Each benefit claim is different depending on the facts of your case, the plan, and the benefits at issue. However, below are some frequently asked questions regarding ERISA disability claims. If you have further questions or your long term disability or ERISA disability claim has been denied, contact one of our experienced ERISA disability attorneys for a free consultation today.
1. What is ERISA? “ERISA” means the Employee Retirement Income Security Act of 1974 – a federal law designed to protect employees who are enrolled in retirement or benefits plans through their employment. ERISA requires accountability of plan fiduciaries and generally defines a fiduciary as anyone who (1) exercises discretionary authority or discretionary control over a plan’s management or exercises any authority or control respecting management or disposition of its assets, (2) renders investment advice for a fee or other compensation, direct or indirect, with respect to any moneys or other property of such plan, or has any authority or responsibility to do so, or (3) has any discretionary authority or discretionary responsibility in the administration of such plan. In addition to keeping participants informed of their rights, ERISA also grants participants the right to sue for benefits and breaches of fiduciary duty.
2. Who controls ERISA? According to the Department of Labor, there are three separate bodies that administer and enforce ERISA: the Employee Benefits Security Administration, the Internal Revenue Service, and the Pension Guaranty Corporation.
3. What is covered under ERISA? ERISA may apply to a variety of benefit plans such as long-term disability (“LTD”), short-term disability (“STD”), life insurance, accidental death and dismemberment (AD&D), pension, retirement, and some health insurance benefits.
4. Can certain plans be exempt from ERISA? Yes. ERISA generally exempts plans that are considered government plans or church plans. In some cases, the court must determine whether ERISA controls a plan after a dispute arises.
5. Are there exceptions to ERISA plans? Yes. If your plan was part of a payroll practice or is a voluntary plan under the law, the plan will not be subject to ERISA. These are often referred to as the “safe harbor” exceptions. In some cases, the court must determine whether ERISA controls a plan after a dispute arises and if the requirements of “safe harbor” have been met. Generally, the more involvement an employer has in a plan will result in the plan being controlled by ERISA – even if obtaining the coverage was voluntary.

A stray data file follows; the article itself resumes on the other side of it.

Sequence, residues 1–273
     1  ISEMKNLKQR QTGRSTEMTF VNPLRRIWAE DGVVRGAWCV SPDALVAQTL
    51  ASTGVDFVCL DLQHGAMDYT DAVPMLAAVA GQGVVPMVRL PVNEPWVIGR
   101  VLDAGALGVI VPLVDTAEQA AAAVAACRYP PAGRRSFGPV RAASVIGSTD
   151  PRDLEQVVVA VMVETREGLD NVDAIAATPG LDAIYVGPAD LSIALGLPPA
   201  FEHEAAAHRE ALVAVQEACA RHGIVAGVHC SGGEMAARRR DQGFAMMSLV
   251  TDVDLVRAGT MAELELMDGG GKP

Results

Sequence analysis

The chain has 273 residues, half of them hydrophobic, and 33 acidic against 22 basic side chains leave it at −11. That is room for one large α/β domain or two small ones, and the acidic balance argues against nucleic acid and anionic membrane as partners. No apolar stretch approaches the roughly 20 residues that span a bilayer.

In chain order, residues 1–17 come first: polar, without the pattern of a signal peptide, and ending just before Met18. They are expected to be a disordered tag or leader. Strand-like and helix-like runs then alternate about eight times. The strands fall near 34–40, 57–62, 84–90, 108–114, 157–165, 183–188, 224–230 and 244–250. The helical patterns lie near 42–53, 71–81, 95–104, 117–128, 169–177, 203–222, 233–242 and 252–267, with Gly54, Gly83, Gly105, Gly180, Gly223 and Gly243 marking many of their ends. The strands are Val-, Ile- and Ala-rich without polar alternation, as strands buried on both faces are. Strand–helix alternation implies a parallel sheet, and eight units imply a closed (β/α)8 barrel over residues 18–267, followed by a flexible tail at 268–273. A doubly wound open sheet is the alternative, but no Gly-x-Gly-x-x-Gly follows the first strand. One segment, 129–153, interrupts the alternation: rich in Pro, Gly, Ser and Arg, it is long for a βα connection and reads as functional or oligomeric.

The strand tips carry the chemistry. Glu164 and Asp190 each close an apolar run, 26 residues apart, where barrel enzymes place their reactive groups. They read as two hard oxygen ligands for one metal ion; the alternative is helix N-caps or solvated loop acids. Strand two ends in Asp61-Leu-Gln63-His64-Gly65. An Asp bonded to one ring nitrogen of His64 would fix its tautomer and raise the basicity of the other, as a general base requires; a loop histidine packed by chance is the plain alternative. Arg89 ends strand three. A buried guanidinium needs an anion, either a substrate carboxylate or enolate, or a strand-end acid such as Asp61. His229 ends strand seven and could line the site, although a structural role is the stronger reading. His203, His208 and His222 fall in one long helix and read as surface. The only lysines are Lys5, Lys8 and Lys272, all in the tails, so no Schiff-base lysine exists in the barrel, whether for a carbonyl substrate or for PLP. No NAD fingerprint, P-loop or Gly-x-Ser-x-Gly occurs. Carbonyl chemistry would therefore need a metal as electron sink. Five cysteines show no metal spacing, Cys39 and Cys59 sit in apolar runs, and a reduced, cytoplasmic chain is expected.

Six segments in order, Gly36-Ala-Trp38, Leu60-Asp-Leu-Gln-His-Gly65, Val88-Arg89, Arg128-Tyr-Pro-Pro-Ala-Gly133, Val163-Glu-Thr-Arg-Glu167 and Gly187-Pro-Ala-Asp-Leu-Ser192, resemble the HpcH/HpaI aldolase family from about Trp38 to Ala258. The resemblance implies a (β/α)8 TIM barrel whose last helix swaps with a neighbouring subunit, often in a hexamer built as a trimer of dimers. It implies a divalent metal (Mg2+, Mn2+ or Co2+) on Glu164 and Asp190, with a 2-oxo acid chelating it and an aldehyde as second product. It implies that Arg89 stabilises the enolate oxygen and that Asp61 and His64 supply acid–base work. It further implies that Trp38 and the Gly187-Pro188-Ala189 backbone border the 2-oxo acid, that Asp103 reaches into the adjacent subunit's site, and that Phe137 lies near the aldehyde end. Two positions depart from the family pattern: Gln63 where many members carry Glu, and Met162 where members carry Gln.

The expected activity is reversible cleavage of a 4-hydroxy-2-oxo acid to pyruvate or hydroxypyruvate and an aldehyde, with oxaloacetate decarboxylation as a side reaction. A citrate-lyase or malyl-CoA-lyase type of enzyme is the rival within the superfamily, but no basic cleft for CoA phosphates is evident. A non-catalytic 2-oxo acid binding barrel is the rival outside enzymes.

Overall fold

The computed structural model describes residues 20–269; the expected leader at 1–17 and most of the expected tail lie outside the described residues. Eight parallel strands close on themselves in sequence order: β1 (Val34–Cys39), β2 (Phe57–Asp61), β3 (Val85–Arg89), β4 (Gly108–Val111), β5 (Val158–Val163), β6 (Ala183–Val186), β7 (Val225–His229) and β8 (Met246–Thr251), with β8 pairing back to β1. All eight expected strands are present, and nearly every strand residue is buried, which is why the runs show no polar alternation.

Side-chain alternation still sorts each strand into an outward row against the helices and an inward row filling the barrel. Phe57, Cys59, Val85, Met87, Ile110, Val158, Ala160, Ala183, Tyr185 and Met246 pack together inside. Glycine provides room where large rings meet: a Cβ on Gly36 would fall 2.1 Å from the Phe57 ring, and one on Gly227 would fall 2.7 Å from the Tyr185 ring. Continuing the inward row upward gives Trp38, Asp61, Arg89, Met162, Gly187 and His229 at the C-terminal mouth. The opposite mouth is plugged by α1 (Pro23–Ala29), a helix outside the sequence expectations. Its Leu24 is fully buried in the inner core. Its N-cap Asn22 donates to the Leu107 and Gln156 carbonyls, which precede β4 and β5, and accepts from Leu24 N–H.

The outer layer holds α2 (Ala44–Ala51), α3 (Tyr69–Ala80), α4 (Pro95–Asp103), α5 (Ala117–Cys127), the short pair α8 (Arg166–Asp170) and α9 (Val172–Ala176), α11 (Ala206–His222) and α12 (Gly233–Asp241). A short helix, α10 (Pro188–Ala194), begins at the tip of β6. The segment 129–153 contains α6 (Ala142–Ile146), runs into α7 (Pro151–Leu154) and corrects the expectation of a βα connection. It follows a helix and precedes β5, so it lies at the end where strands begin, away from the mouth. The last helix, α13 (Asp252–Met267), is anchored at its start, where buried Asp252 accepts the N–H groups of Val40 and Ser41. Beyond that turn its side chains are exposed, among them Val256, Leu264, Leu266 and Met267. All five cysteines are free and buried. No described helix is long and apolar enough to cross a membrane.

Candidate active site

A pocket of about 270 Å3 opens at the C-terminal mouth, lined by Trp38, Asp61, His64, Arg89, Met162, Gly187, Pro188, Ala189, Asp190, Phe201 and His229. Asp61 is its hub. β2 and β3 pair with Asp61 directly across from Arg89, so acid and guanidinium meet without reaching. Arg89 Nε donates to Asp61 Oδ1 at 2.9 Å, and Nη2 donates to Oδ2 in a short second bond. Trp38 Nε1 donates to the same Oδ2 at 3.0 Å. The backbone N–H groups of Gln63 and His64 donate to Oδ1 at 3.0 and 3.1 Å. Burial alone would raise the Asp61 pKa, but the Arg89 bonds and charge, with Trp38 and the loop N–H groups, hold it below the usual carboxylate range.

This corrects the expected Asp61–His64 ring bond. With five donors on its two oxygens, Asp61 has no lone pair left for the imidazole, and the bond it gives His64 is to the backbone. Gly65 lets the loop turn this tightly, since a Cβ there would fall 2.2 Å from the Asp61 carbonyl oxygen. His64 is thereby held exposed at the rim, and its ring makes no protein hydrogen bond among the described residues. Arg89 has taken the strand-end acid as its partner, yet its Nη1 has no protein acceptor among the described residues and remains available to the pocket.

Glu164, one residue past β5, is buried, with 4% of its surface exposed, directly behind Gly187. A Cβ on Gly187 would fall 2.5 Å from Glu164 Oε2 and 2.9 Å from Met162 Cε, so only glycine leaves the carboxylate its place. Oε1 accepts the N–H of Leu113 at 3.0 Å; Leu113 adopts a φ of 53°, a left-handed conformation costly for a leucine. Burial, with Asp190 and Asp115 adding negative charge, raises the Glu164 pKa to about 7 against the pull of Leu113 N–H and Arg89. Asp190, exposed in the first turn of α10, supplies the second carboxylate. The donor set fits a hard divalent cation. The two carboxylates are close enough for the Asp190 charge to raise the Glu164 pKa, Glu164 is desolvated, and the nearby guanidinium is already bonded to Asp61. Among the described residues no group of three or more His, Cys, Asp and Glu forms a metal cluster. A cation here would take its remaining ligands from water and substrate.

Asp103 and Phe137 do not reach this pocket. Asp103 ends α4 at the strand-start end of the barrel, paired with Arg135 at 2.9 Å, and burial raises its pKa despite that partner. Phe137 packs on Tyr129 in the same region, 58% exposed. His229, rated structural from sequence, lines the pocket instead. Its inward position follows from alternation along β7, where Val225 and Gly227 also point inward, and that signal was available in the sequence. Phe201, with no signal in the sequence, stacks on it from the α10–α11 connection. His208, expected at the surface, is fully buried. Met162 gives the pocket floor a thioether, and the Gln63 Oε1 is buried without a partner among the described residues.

6. What is an ERISA plan administrator? An ERISA plan administrator is the person or entity responsible for keeping an employee benefit plan in compliance and managing the plan for the exclusive benefit of participants and beneficiaries.
7. Is your short-term or long-term disability policy covered by ERISA? It is possible for short-term or long-term disability coverage to be covered by ERISA. How the plan was established will determine if ERISA controls the plan. If ERISA does control your disability plan, you are given certain rights to an administrative appeal process if your benefits are denied, access to the documents gathered related to your claim(s), and the right to bring a lawsuit for benefits and/or breaches of fiduciary duties. The administrative process is significant to claims in the event a lawsuit has to be filed.
8. How does ERISA impact health benefits? ERISA requires plan participants to be provided with certain plan information, mandates fiduciary responsibilities, requires an administrative process for appeals, and enables plan participants to file a lawsuit under ERISA for benefits and breaches of fiduciary duty. According to the Department of Labor, there have been multiple amendments to ERISA, expanding the protections available to health benefit plan participants and beneficiaries. One important amendment, the Consolidated Omnibus Budget Reconciliation Act (“COBRA”), provides some workers and their families with the right to continue their health coverage for a limited time after certain events, such as the loss of a job. Another amendment to ERISA is the Health Insurance Portability and Accountability Act (“HIPAA”) which provides important protections for working Americans and their families who might otherwise suffer discrimination in health coverage based on factors that relate to an individual’s health.
9. When does ERISA apply to life insurance or accidental death & dismemberment coverage? If your employer provided these benefits to you, ERISA may apply to those benefits. If your claim for benefits are denied, then you may have a claim under ERISA. Similar to short-term and long-term disability plans, how the plan was established determine if ERISA controls the plan. If ERISA does control your disability plan, you are given certain rights to an administrative appeal process if your benefits are denied, access to the documents gathered related to your claim(s), and the right to bring a lawsuit for benefits and/or breaches of fiduciary duties.
10. When does ERISA apply to retirement benefits? Pensions and retirement funds managed by employers are covered under ERISA. If an employer has established a retirement plan, there are minimum standards that must be met in the administration of the plan. Specifics for each plan, however, varies from employer to employer.
If your long term disability claim or ERISA disability claim has been wrongfully denied or you are in the process of filing a claim, contact Mehr, Fairbanks & Peterson Trial Lawyers at 800-249-3731 to secure a free consultation about your rights and benefits.
This information should not be construed as legal advice or a guideline to your specific claim for benefits.